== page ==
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Get your motor runnin’; head out on the highway. Forget Teslas or driverless cars, the future of Britain’s roads is geriatrics in Lamborghinis. We’ve had White Van Man, Galaxy Man and Mondeo Man. Well move over buddy, because here comes Porsche Pensioner. We are talking thick-rimmed specs, leather driving gloves and Steppenwolf on the stereo. Born to be wi-yi-yi-ild.
If this dystopian vision of old boy racers peering over the dashboard sounds a touch unlikely, one only had to read the coverage of George Osborne’s pension reforms. Naysayers warned of witless silver foxes getting their clammy mitts on their entire pension savings and – freed of the need to buy an annuity – wasting them all on one last blowout. So the narrative is now that everyone with a private pension will soon be heading off to the car showrooms to trade in their bus pass for a V8 turbobastard with chrome cylinders and a nodding Jeremy Clarkson doll in the back window.
(I do actually blame Top Gear. If it wasn’t for all those fifty-something men in relaxed-fit jeans, zooming around narrow country lanes in sports cars, the idea of a nation filled with pedal-flooring pensioners would never have taken root.)
Naturally, the whole thing is overblown, a failure to distinguish between a theoretical and an actual risk. For one thing, pensioners may be able to afford the car but they won’t be able to afford to run it. The fuel costs and insurance alone will cost more than the minimum income guarantee. Others complain that the recently retired will spend the money on buy-to-let properties though these are known to have lousy acceleration.
There are, of course, some serious and sensible objections to the pension reforms. I don’t share them but they do need to be answered. But what grates is the implicit, patronising assumption that people – especially old people – are too stupid to be trusted. The underlying message is that these feeble-witted wrinklies can’t be trusted with their own money; and what could make the point more eloquently than their doing things that are obviously the preserve of the young and cool?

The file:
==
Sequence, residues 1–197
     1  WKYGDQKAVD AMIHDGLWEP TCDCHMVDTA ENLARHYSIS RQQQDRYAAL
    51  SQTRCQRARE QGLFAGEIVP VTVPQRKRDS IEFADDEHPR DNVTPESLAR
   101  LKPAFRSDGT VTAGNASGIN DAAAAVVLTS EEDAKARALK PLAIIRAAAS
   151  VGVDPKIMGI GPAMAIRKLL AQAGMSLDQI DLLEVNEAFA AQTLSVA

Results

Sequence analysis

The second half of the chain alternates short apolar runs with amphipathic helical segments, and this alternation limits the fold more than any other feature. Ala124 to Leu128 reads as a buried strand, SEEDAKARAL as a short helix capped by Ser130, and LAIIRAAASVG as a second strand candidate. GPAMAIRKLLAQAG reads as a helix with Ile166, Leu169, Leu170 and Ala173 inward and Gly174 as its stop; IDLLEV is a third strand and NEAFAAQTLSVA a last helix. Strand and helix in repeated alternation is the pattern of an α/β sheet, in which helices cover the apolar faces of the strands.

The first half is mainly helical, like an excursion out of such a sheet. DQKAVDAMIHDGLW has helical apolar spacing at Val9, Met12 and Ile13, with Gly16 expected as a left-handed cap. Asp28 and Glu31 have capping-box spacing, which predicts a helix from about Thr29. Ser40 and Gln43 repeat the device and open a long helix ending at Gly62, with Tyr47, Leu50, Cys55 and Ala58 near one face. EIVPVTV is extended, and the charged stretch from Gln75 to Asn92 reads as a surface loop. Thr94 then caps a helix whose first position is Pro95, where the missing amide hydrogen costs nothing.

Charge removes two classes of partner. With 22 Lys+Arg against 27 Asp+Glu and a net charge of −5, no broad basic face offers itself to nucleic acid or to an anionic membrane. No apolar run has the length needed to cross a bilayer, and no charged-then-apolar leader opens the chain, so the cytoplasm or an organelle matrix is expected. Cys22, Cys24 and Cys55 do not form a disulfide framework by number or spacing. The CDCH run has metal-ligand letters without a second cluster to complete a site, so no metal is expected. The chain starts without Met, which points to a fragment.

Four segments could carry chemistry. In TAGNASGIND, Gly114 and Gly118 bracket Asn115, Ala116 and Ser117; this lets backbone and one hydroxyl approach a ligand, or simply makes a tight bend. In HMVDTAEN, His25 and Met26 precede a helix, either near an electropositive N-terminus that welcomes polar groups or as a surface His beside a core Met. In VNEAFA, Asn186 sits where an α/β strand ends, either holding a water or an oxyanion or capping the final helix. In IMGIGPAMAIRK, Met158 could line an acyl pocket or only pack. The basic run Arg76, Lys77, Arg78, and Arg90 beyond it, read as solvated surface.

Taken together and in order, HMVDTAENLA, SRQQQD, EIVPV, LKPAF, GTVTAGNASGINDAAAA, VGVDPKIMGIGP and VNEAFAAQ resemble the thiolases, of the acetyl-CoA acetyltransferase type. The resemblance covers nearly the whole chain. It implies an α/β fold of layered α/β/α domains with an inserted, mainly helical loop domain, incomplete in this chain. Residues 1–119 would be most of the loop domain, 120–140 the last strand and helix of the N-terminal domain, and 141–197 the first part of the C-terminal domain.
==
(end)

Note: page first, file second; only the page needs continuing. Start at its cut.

These biddies need to be forced to buy a low-yielding annuity so that they can eke out their final years. The last thing we want to see is them roaring joyously into the last goodnight in the driving seat of a Bugatti Veyron. That’s not seemly. Old age is for Saga holidays and watching Midsomer Murders; it isn’t for behaving disgracefully and enjoying the fruits of your labours. Why fritter away all those lovely savings enjoying yourself when you could be watching the pennies, stocking up on the Sainsbury’s value-brand beans and fattening the bonus cheques of insurance salesmen?
Then again, the whole thing may be a cunning gambit to boost the economy by ensuring someone has money to spend. The young are going to be struggling to find work, paying off student loans and battling to get on the housing ladder; the middle-aged have the cost-of-living crisis. We need the pensioners to get out there and live it up a bit. Until now the smart business was planning products for cash-strapped pensioners on a limited budget – now we can see the old as the kickstarters of the economy.
Perhaps we are moving into a world in which wealthy pensioners not only own a Lamborghini but may also buy their own graduate to polish it. New products will spring up to cater to the grey pound. Ferrari is already looking to extend the brand: we read last week of plans for a new theme park; now I envisage Ferrari stairlifts (hall to landing in 2.3 seconds).
Sadly this vision is something of a pipe-dream. More likely is that people will be risk-averse with their pension pots. I suspect Lamborghini salesmen face lean years if they are relying on a sudden wave of silver Sennas.
But good luck to those who do go for it. For when the end does come, how would you rather leave this world – being starved to death on the Liverpool Care Pathway or speeding into the sunset with 700bhp at your feet?
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